NEWS
By MATTHEW UMSTEAD | August 22, 2009
MARTINSBURG, W.Va. -- Substantially higher sewer bills might be on the horizon for many Eastern Panhandle residents because of mandated waste treatment standards aimed at cleaning up Chesapeake Bay. With no guarantee of federal or state money for facility upgrades in sight, at least two customer-supported sewage treatment systems in Berkeley and Jefferson counties are eyeing potentially large sewage rate increases. The tougher pollution standards, which include reduction of nitrogen and phosphorus nutrients released into the bay's watershed, were set into motion by former West Virginia Gov. Bob Wise in June 2002.
NEWS
July 14, 2009
WILLIAMSPORT -- Williamsport Town Council members Monday night agreed to increase the town's sewer rates by 7 percent. Mayor James G. McCleaf II said previously that the town decided to go forward with the rate hike after Washington County, which processes the town's sewage, increased its processing charge to the town by 5 percent. The rate increase will raise the monthly sewer bill for a family of three to four people by about $5.50 a month, McCleaf has said.
NEWS
By JENNIFER FITCH | June 9, 2009
CHAMBERSBURG, Pa. -- Chambersburg borough officials are looking into a proposal that might help the environment and save them more than $9 million. The borough council this week agreed to spend $15,000 on a study that will detail how nutrients can be removed from cow or swine manure. That study will be submitted to the Pennsylvania Department of Environmental Protection (DEP) to find out whether a participating farm's efforts can earn "credits" for protecting the Chesapeake Bay. Council President William McLaughlin hopes the amount of those credits will be enough to keep the borough from having to expand its Hollywell Avenue sewage treatment plant as planned.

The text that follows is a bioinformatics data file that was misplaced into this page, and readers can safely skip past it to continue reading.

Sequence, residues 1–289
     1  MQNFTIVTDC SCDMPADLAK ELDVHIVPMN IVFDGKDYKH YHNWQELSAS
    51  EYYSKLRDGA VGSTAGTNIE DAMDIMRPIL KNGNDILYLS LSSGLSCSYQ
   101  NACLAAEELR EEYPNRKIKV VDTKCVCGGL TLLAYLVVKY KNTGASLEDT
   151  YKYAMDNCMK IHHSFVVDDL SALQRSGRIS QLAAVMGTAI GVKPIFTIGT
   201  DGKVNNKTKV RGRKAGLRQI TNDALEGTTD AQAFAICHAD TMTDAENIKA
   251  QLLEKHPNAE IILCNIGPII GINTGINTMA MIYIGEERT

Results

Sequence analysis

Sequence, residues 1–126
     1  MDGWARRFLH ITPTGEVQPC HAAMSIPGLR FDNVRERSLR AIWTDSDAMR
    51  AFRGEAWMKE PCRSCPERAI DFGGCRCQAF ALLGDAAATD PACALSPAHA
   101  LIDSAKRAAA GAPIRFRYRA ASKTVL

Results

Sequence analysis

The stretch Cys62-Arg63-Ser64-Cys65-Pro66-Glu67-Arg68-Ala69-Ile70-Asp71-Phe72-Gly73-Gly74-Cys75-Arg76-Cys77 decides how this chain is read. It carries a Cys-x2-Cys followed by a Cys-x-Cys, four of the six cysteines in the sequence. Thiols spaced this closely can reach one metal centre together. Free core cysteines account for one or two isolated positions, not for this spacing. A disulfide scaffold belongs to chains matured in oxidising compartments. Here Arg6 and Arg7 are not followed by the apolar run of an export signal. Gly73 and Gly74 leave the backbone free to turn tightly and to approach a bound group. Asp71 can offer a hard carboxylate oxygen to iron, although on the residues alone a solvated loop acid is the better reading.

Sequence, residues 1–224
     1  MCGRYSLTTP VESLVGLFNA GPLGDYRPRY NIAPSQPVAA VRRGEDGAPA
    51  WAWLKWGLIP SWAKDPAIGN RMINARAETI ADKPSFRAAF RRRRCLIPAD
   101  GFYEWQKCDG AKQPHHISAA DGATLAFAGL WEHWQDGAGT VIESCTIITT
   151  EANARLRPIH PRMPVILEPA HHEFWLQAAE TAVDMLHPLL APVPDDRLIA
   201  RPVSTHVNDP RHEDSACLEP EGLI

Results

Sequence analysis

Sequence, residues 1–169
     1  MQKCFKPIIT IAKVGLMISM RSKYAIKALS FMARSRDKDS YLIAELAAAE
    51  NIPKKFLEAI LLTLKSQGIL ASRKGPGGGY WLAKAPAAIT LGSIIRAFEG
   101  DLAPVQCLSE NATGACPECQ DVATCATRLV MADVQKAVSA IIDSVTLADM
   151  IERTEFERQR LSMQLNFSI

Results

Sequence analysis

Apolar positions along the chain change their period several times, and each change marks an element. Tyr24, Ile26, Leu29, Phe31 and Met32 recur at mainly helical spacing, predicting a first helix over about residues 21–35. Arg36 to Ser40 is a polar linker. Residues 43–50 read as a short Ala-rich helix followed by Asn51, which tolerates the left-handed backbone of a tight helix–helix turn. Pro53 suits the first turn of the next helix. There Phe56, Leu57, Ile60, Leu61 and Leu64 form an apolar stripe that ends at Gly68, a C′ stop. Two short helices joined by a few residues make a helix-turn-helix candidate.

NEWS
By TRISH RUDDER | January 8, 2009
BERKELEY SPRINGS, W.Va. -- The Warm Springs Public Service District's insurance company will pay for a Vernon Street family whose home was damaged by sewage to be housed at the Best Western through Jan. 16, homeowner Deborah Harris said. The family was helped initially by the American Red Cross. When the sewer department responded to a call Tuesday from Harris that raw sewage was gushing outside a blocked sewage pipe, department workers used 200 pounds of pressure to unclog it - a force that "flooded the home with sewage," Harris said.
NEWS
By TRISH RUDDER | January 7, 2009
BERKELEY SPRINGS, W.Va. - When a clogged sewage line was unclogged by pressure Tuesday, raw sewage was forced into the lines of a home at 17 Vernon St. When the Warm Springs Public Service District responded to a call Tuesday from homeowner Deborah Harris, who said raw sewage was gushing outside a blocked sewage pipe, department workers used 200 pounds of pressure to unclog it - a force that "flooded the home with sewage," Harris said. The sewage was forced into the bathroom toilet, sink and bathtub, and into the kitchen sink, which overflowed onto the floors, Harris said.
The Herald-Mail Articles
|